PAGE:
This is the current state of Just, with the addition of small props to populate the scene with further details. I textured 92 small props that utilize a 4096 x 4096 atlas to minimize draw calls. Majority of the props are physics objects that the viewer can pick up and interact with.
After I finished modeling the lighting fixtures for the environment, I was able to add in actual lighting. While I'm still playing with the settings, below is a video of a quick walkthrough of the lit environment.
Today I exported a rough draft of the experience and brought it to DAAP to do play testing. My goal for this test was to drop users into the environment and see how well they learned from the UI elements I had created. It was very apparent just how much the wording of my instructions mattered.
The Tutorial consisted of two lessons: Teleportation and Object Interaction
Here is my initial wording:
Press down on the trackpad to activate teleportation, release the trackpad to teleport to that spot, try it now to go down to that glowing ring.
This is accompanied by two animations of a hand pressing on the trackpad and the user teleporting across the space
Some of the errors were:
- Using both controllers to teleport when only one is necessary
- Walking instead of teleporting
- Not knowing how to properly point the controllers
My new wording:
Don’t Walk, Teleport!
Using either controller, press on the trackpad and point it where you want to go, release the trackpad to teleport to that spot. Try it now to go down to that glowing ring!
Here is my initial wording:
Squeeze the trigger on the back of the controller to pick up objects and open doors. Try picking up the object below. When you are done, open the door at the end of the hall.
This is accompanied by an animation of the trigger being pulled on the controller
Some of the errors were:
- Using both controllers to grab an object
- Being afraid to reach too far forward to grab object
- Not reading all directions on the UI element
- Picking up and instantly dropping
My new wording:
Use the trigger on the back of either the controller to pick up objects and open doors. Try it now by picking up the cube in front of you.
After the user grabs the cube the screen will change
Now that you’ve got the basic interactions down, teleport over to that door and open it to begin the experience
Below is a timelapse of me texturing dining furniture using Quixel Suite. The total time spent in Quixel Suite was around one hour and twenty minutes.
Quixel is a crucial part of my capstone, it makes the creation of realistic and detailed textures easy and fast.
This past weekend I began to bring my assets into unreal engine and create interactions for them. I used the VR Content Examples as a point of reference for implementing basic mechanics into the scene. Below is a shot of one of the first demos where I have set up teleprotation as well as basic doors and drawers.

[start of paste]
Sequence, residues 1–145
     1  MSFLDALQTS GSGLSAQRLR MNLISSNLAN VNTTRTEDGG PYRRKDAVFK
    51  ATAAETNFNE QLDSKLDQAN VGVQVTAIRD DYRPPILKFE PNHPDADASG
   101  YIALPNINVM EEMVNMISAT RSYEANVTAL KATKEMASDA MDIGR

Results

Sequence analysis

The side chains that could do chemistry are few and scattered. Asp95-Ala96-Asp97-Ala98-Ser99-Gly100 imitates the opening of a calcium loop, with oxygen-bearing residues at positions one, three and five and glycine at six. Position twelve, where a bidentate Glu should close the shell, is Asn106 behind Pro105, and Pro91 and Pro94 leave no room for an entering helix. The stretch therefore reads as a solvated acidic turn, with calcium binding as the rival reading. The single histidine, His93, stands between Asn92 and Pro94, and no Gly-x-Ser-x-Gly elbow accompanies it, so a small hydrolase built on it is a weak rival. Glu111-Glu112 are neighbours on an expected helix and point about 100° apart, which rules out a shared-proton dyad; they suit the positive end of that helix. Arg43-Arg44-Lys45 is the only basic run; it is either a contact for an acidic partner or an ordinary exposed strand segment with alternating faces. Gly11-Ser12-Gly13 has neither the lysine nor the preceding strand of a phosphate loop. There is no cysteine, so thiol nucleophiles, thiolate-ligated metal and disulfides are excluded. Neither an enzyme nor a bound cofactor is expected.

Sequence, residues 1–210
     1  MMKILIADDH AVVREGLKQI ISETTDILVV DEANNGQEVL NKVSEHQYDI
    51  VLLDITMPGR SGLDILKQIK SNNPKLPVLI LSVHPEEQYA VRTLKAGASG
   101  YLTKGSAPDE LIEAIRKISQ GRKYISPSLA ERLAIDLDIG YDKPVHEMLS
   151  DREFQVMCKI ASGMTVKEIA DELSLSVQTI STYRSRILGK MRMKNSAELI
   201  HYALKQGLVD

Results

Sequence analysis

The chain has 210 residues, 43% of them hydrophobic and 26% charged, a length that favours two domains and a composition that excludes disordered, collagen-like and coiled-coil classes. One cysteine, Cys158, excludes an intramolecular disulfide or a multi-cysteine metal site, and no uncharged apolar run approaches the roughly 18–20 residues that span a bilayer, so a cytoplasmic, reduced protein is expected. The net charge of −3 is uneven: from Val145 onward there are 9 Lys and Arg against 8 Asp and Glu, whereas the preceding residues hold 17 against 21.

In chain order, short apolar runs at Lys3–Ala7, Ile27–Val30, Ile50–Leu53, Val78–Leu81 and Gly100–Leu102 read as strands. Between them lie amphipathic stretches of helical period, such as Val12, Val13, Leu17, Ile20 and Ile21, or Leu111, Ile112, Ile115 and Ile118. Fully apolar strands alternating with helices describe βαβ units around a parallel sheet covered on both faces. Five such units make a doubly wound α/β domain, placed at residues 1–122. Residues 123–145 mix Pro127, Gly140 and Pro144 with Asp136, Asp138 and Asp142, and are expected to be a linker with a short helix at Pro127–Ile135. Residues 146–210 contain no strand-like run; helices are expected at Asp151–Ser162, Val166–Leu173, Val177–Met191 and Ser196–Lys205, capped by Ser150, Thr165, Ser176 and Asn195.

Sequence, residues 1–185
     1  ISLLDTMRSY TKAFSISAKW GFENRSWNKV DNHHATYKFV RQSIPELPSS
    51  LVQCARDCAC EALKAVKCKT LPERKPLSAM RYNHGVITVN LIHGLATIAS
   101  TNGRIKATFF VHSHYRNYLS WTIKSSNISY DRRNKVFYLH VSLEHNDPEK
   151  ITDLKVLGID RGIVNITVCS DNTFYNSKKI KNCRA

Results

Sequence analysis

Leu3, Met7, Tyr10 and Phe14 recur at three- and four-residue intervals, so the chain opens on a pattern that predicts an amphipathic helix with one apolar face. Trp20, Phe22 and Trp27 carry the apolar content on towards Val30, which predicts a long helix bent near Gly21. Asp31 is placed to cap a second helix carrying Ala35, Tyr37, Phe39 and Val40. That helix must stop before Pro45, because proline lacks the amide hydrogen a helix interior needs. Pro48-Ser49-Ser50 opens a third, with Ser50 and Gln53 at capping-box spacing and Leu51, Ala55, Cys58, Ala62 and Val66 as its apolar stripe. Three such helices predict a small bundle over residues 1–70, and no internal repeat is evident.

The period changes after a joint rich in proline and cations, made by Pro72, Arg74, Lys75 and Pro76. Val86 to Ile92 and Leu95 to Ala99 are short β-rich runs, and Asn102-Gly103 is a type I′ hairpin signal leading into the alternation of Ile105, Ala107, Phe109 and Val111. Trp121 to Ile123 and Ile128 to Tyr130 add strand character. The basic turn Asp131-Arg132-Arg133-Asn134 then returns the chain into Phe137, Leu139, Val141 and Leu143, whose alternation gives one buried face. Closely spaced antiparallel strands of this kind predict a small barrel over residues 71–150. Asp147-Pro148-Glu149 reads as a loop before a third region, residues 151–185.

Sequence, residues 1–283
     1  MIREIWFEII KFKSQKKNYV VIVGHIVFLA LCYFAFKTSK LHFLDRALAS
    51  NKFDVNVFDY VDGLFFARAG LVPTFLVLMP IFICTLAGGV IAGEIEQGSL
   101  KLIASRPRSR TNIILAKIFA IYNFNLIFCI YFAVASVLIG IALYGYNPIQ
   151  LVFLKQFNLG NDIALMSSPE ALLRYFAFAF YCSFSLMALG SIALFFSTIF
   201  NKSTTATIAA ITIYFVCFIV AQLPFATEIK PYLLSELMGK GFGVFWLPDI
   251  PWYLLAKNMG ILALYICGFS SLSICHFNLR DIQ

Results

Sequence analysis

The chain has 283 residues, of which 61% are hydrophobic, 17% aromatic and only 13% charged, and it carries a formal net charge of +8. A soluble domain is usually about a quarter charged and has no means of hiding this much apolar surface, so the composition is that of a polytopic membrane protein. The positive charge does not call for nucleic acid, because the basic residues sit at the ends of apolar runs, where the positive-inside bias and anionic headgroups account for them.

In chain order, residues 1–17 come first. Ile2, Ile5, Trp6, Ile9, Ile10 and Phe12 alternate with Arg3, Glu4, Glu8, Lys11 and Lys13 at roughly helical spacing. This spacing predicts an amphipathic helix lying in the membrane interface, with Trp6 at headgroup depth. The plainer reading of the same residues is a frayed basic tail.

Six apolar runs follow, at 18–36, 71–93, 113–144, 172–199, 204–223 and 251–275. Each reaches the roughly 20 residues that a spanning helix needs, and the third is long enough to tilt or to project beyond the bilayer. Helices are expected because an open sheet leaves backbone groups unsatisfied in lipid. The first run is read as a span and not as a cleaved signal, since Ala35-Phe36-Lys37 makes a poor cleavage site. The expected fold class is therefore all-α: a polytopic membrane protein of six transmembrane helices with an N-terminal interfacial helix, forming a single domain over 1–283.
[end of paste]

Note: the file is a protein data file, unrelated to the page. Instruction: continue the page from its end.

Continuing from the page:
You can see the fridge handles glow orange when my controllers pass through them to signal to the user that they can interact with the object. Figuring this out was difficult and frustrating at first but has gotten better as I've spent more time in the game engine.
This past week I've begun creating the assets that will fill my experience and bring it to life. I started with a stove because it was something I had a lot of reference for, drawing mainly form Jennifer's House (and most dirty college stoves) The asset was modeled and UV'd in 3DS Max and textured in Quixel.
This is the first time I've used this workflow, and I am pleased with how easy it is to create a compelling story with textures alone. I'll need to get faster as I go, but an encouraging start nonetheless
To sum up the extent of my research I'm grouping together the rest of my materials.
My books include:
A Framework for Understanding Poverty and Evicted: Poverty and Profit in the American City
The Documentaries include:
Rich Hill and Poverty in Chicago
Evicted, the first book I read provided me with a lot of great reference and understanding for how the cycle of poverty exists and is so hard to break out of. The book consists mainly of stories from tenants facing evictions and provides great background for how they got in their current position and how they manage to stay off the streets.
A Framework for Understanding Poverty is a great reference book that provided me with background information on how poverty persists in the U.S. It also has stories from people in poverty that help explain what it is like to be in their shoes.
Poverty in Chicago is a documentary that focuses mainly on the homeless or the near homeless population in Chicago. It really opened my eyes in terms of just how big of a role disability can play in being able to find good work. This brought in perspective a lot of what I learned from Steven Howe about just how close we are to poverty, one debilitating injury can make a huge difference in your ability to make a living.